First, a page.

Hickory, dickory, dock
Reliving my childhood through an old nursery rhyme? Hardly. I’m just summing up last weekend’s hike through the beautiful Whiterock Conservancy in Coon Rapids, Iowa, which has its share of hickory trees and burdock.
I’m a big fan of the former, and unlike burdock, it seems to be in short supply around these parts. Not surprising, as hickories are never sold at nurseries. Fortunately, the 5,000-acre Conservancy has its fair share of these outstanding hardwood giants. Here’s one I snapped while on my hike.
Hickory trees have a reputation of being slow growers. Yes and no. The first few years, the seedlings put all their strength into growing roots as a natural defense against foraging critters. If tops are snipped, strong roots have the stamina to send up new shoots repeatedly. Seedlings only grow a few inches annually until they’re about 5 years old, at which time they start growing at a fairly normal rate for hardwoods—12 to 15 inches a year.
Shagbark and Shellbark hickory are favored by most because of their attractive shedding bark and tasty nuts. But Bitternut hickory grows the fastest, so if you don’t care about edible nuts, try that one instead. All hickory trees have nice yellow fall color.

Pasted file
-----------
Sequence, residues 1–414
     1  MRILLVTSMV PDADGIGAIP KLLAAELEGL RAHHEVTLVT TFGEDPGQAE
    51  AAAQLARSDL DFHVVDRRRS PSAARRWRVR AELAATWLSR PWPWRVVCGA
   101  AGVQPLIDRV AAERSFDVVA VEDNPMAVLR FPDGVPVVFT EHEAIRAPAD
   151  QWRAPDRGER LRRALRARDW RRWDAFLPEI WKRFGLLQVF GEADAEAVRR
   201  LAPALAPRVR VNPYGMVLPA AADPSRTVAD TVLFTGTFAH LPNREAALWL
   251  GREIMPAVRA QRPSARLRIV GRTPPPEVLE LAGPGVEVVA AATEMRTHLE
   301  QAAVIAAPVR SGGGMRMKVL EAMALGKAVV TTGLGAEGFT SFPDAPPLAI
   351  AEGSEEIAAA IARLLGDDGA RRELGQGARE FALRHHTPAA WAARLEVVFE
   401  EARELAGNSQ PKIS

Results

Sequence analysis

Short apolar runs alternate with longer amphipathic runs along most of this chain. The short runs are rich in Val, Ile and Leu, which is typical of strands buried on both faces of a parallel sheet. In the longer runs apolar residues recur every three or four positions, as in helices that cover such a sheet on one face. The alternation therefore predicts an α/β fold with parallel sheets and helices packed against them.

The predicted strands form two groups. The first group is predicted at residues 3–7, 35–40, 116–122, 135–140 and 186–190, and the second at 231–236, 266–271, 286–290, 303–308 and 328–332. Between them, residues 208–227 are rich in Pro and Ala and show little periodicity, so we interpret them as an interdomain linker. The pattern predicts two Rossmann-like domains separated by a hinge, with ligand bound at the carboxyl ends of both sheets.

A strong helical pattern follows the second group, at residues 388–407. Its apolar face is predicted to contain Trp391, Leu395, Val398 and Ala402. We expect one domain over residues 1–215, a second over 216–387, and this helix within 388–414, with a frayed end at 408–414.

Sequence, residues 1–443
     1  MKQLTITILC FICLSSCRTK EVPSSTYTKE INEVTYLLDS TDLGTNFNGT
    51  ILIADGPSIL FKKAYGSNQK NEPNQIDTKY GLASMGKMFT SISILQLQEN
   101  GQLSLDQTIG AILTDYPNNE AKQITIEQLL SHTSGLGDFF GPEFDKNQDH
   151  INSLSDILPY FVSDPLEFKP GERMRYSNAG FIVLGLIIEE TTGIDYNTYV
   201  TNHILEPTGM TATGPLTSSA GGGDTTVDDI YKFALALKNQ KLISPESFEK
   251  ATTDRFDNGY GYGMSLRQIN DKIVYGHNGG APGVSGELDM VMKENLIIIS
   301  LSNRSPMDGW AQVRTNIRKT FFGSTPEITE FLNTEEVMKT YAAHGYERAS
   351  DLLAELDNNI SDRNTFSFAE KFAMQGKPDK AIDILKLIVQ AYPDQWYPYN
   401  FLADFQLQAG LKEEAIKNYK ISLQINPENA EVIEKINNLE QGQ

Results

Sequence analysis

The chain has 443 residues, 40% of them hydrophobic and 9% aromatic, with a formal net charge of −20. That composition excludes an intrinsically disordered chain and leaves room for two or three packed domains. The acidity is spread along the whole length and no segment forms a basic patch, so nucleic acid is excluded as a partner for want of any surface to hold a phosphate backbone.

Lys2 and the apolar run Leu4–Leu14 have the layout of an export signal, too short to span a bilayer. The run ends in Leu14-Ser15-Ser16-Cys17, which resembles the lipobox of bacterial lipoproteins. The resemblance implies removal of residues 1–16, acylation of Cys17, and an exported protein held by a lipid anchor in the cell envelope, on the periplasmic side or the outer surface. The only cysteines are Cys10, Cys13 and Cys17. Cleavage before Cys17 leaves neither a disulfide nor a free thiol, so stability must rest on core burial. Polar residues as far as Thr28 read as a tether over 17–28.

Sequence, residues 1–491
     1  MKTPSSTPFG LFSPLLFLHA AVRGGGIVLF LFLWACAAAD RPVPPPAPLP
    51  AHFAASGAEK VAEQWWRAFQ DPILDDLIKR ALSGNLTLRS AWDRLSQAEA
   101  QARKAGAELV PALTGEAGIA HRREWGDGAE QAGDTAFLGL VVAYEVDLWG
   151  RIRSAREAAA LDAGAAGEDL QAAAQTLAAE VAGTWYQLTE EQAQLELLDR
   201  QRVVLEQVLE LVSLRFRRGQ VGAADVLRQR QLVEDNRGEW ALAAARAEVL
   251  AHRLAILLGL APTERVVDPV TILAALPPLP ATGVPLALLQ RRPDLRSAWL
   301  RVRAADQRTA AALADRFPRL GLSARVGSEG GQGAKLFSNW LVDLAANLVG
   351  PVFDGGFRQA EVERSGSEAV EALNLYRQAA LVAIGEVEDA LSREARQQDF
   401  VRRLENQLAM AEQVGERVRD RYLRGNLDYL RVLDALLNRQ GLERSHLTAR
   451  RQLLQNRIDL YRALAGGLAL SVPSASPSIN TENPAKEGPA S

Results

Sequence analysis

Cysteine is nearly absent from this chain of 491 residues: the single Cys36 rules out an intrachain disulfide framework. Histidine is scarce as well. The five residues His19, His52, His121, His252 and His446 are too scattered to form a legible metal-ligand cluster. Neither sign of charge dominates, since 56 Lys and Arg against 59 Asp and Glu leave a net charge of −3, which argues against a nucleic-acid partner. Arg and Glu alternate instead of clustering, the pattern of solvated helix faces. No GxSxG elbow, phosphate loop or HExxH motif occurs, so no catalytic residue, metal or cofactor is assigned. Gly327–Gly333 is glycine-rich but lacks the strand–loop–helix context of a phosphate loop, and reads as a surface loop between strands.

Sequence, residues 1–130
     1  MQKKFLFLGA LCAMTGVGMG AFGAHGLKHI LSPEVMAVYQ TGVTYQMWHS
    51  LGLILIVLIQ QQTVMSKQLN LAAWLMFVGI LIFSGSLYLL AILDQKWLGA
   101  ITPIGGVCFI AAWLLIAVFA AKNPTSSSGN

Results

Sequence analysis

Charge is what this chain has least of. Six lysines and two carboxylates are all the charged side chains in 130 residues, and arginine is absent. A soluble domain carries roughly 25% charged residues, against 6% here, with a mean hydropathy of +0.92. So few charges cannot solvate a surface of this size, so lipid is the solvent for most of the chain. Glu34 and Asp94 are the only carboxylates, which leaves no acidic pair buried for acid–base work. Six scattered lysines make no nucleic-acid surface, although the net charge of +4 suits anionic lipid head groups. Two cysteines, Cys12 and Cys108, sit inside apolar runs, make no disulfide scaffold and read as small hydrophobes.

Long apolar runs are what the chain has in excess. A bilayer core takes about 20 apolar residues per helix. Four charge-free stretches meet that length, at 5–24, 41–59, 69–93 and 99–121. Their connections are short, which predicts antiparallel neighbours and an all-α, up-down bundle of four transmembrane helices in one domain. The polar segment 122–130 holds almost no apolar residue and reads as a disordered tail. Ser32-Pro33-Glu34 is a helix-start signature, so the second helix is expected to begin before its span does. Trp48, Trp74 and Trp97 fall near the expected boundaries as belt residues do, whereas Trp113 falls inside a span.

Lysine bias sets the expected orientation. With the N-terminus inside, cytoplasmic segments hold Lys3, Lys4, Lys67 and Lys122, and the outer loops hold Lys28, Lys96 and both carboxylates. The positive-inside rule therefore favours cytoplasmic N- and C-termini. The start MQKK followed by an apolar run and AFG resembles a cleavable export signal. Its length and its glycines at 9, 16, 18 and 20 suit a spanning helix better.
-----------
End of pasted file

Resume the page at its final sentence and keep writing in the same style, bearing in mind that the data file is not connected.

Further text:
Hickories are easy to start from seed. Throw the nuts in a bucket of water for 24 hours. Discard floaters and let the others air dry before placing in a sealed plastic bag of slightly moist peat moss. Store the bag in the refrigerator crisper for 4 to 5 months. Check on the nuts occasionally. If you find mold, wipe it off and dip the nuts in a 10-percent bleach solution; let them air dry, then put them in a clean bag filled with new peat moss.
Come spring, wrap each nut loosely with chicken wire before planting to discourage squirrels and chipmunks. Fence seedlings to protect against rabbits and deer. Mulch with shredded leaves and keep watered. Soon enough you’ll have an outstanding landscape tree that virtually no one else in your neighborhood has.
One caveat: because adult trees drop nuts, keep hickory trees away from the house and driveway. They’re better suited for a back corner, where you can enjoy the fall color while watching squirrels play catch with the crop.